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Poker News | Poker Book Review

A Review of Farha on Omaha

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Sam Farha is considered to be one of the best Omaha players in the world. He won both of his World Series of Poker bracelets in the game, one in pot limit Omaha high-only, and the other in Omaha High-Low Eight-or-Better. He has been a regular and very entertaining and aggressive participant in High Stakes Poker, and is probably best known among more casual poker players as the runner-up to Chris Moneymaker in the WSOP Main Event that brought on the current poker boom. In Farha on Omaha, along with co-author Storms Reback, he promises to provide the reader with “expert strategy for beating cash games and tournaments.”

One of the first things a reader will notice in picking up this book is just how slender it is compared to many other poker books. The book contains fewer than 200 pages, and in that short amount of space, Farha attempts to teach three separate games, Limit Omaha High, Limit Omaha 8, and Pot Limit Omaha. In addition, he endeavors to separate the games into both cash game and tournament strategies. Does that sound as if he has bitten off more than he can chew? For the most part, he really has.

Farha explains that he is going to explain two different ways to play the games, the “right” way and the “Sammy” way. The former of these techniques involves an approach that has been covered in much greater detail in other books on the subject. While Farha spends a bit of time talking about such basics as proper hand selection for each game, he doesn’t really go much beyond rudimentary ideas in a very general way. This weakness is especially apparent in the sections on High Only, where he does not go much beyond speaking vaguely about having four coordinated cards or high pairs. Many times it seems as if all of the hand examples he has chosen for the book involve playing against an opponent who has pocket aces as part of his hand. While this is not completely true, it does describe the vast majority of the sample hands in the Omaha High chapters.

The more interesting portions of the book deal with the way Farha himself thinks at an Omaha table. He contrasts the way most “right” players play with how he chooses to proceed, and to no surprise for anyone who has watched him on television, his style is much more aggressive, playing many more of what he calls “run down” hands, ones that rely on great flops to overcome a pre-flop disadvantage, where he basically knows what his opponent has but where his opponent has no idea of his cards. He describes how this style has two effects, where he can lose the minimum by getting away from hands that don’t hit, but win the maximum when players take his aggressive plays to be a bluffing style, which he strongly cautions against in Omaha, with rare exceptions.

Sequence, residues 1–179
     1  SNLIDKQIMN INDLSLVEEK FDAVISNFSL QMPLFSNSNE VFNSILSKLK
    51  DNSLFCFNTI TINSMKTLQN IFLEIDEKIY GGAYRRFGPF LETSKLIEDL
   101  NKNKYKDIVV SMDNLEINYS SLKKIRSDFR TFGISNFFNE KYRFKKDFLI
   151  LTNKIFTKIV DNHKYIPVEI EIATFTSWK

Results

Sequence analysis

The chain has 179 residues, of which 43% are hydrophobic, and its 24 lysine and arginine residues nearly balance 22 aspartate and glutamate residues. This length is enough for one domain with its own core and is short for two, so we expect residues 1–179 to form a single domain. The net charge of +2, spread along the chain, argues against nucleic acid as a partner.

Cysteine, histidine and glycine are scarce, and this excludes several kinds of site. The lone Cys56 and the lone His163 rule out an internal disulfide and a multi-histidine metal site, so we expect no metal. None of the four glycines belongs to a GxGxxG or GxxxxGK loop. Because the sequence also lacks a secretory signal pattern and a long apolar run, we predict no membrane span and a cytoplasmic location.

Farha constantly emphasizes that he doesn’t play his cards, but rather plays the other players. He illustrates this point numerous times in the book, nowhere more graphically than in one heads-up match with a wealthy player, where Farha continually raised despite never looking at his cards, until his opponent got so frustrated that he said he would quit unless Sammy started seeing what he actually had in his hand. Unfortunately, other than a very few specific tips, Farha doesn’t really go into detail about how he senses weakness at the table, or how, other than sizing people up in the typical “rock”, “maniac”, “calling station” way, he determines how to play against particular players.

I have always enjoyed the way Sammy gets under the skin of all but the most stoic of players, and have admired his courage at the poker table. Unfortunately, in attempting to bring his style to such a comprehensive topic in such a short volume, he winds up being more entertaining than instructive. If you like Sammy the player, you will enjoy reading about some of his more famous hands and how and why he played them. However, if you are really looking for a serious Omaha education, this is not the book for you.

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